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China flexes muscles with drills amid island row
by Staff Writers
Beijing (AFP) Oct 19, 2012

China dispatched naval vessels, aircraft and helicopters to the East China Sea on Friday, flexing its muscles in exercises likely to further stoke a bristling territorial dispute with Japan.

A fleet of 11 vessels, including some warships, along with eight aircraft were sent to waters off its east coast, China said, in Beijing's most confrontational act yet in a row that has chilled ties between the regional heavyweights.

State-run China Central Television showed images of several warships and helicopters carrying out manoeuvres.

It was unclear where in the East China Sea the one-day exercises were taking place. The sea is home to tiny islets known as the Diaoyus in China and the Senkakus in Japan, which are administered by Tokyo but claimed by Beijing.

Tensions in the long-running territorial dispute have soared since the Japanese government's move last month to formally nationalise the islands, which triggered anti-Japan protests across China and hit the sales of Japanese-manufactured products.

China has since then taken a number of steps seen as snubbing Tokyo, including refusing to send top officials to a global economic conference in Japan this month.

A foreign ministry official in Beijing blamed Tokyo for ratcheting up tension in the region when asked about the exercises at a regular press briefing on Friday.

"The heating up of the dispute over the Diaoyu Islands between China and Japan is entirely caused by Japan's illegal act of purchasing the islands," spokesman Hong Lei said.

"The Chinese government's resolve and determination to safeguard national territorial sovereignty is unswerving."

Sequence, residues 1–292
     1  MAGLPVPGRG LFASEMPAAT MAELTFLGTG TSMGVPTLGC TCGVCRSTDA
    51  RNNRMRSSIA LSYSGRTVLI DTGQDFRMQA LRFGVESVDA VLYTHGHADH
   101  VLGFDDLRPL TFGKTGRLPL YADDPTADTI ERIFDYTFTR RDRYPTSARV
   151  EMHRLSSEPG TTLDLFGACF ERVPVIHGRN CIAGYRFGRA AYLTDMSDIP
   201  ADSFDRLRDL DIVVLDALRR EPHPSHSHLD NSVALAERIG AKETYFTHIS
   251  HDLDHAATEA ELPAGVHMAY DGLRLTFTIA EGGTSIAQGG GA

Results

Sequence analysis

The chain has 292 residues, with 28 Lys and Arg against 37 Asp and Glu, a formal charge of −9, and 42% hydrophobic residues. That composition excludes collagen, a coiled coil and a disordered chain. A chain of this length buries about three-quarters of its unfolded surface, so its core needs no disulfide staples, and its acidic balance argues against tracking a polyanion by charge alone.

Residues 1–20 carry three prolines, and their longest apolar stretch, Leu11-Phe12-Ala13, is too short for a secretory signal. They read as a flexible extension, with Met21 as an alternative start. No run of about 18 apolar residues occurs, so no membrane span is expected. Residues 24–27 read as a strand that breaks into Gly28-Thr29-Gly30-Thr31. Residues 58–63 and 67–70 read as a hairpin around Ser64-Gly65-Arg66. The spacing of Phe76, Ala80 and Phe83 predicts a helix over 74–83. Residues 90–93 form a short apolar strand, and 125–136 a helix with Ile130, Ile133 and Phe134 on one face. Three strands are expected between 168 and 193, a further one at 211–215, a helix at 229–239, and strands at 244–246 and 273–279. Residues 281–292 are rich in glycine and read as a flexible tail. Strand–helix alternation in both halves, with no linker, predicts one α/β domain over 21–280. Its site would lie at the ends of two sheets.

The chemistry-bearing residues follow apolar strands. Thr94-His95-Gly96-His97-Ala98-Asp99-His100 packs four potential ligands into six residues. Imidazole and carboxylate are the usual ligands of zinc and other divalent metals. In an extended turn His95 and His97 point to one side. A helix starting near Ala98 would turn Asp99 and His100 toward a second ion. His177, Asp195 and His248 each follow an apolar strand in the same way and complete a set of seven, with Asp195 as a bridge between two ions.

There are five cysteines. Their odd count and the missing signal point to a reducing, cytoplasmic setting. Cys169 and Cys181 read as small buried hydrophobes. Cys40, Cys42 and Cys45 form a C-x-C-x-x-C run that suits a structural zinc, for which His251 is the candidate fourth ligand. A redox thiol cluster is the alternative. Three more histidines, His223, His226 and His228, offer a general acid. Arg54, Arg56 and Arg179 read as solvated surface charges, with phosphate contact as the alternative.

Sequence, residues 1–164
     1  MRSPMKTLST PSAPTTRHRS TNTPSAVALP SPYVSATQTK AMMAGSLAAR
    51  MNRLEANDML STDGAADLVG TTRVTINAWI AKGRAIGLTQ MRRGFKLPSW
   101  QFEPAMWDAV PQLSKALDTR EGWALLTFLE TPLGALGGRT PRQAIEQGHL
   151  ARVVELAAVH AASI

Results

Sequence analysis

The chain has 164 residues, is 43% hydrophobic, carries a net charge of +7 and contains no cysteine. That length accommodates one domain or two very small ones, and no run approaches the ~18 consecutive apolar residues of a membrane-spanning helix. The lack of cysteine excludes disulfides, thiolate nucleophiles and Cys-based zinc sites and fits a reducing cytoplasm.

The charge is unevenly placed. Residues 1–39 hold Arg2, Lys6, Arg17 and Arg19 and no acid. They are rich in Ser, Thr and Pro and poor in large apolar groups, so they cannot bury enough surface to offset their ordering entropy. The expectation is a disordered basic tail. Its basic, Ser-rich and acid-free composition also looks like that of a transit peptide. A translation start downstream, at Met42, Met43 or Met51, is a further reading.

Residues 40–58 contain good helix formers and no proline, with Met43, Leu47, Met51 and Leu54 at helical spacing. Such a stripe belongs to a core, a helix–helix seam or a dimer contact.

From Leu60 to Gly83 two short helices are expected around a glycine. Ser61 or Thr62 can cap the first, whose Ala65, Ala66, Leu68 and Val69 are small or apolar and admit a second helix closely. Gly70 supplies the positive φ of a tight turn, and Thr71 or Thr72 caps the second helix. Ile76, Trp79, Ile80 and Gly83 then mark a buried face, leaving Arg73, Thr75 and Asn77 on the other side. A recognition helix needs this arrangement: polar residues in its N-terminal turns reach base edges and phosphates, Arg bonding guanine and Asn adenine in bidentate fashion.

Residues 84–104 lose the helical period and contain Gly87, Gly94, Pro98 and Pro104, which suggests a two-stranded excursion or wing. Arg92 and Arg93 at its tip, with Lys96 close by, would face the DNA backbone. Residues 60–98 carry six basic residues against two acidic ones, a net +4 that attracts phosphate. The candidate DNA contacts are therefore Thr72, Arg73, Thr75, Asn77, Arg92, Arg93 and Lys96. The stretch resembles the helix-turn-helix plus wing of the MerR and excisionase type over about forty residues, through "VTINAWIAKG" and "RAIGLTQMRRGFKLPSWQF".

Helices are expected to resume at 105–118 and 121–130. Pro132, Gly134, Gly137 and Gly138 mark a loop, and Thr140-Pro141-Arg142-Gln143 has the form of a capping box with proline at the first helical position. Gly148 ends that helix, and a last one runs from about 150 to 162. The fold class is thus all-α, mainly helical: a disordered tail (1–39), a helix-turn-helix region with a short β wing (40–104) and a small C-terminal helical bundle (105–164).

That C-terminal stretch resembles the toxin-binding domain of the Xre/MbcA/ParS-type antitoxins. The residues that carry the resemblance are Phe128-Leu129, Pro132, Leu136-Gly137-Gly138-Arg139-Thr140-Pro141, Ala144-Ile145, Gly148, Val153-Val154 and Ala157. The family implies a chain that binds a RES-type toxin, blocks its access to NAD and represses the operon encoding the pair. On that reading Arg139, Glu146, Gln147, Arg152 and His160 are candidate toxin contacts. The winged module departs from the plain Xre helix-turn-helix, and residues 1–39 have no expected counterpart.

Speaking during a visit to Germany, Japanese Foreign Minister Koichiro Gemba said his country was seeking a peaceful resolution to the territorial row.

"What I can say here is that ultimately we are aiming for a peaceful solution based on international law," he said through an interpreter.

"We must expand the dialogue in Japan-China relations," he added.

China has previously sent maritime surveillance ships and fisheries patrol vessels to waters near the islands as the row has escalated.

On Tuesday, a Chinese naval flotilla passed near separate islands that are internationally recognised as Japanese.

On Sunday, Japan's navy marked its 60th anniversary with a major exercise involving about 40 ships in waters south of Tokyo.

The navy's most modern vessels -- including destroyers and conventionally-powered submarines -- along with 30 naval aircraft, participated in the event.

China's exercise on Friday included vessels from the marine surveillance agency and fishery administration, according to the Chinese reports, which did not give a detailed breakdown on the vessels.

"The primary aim (of the exercises) is to strengthen the capacity to safeguard territorial sovereignty and maritime interests," Shen Hao, a rear admiral in China's navy said, according to the website of state-run China Radio International.

Microblog users in China broadly welcomed the naval exercises.

"I suggest going to the Diaoyu Islands for some heavily armed exercises -- it is our own territory," said one netizen on Weibo, China's version of Twitter.

"How exciting," said another. "This is the emergence of Chinese military power."

Reports this week said Japan and the United States were considering holding a joint military drill to simulate retaking a remote island from foreign forces.

The exercise, part of broader joint exercises to start in early November, would use an uninhabited island in Okinawa, Japanese media reports said, quoting unidentified sources.


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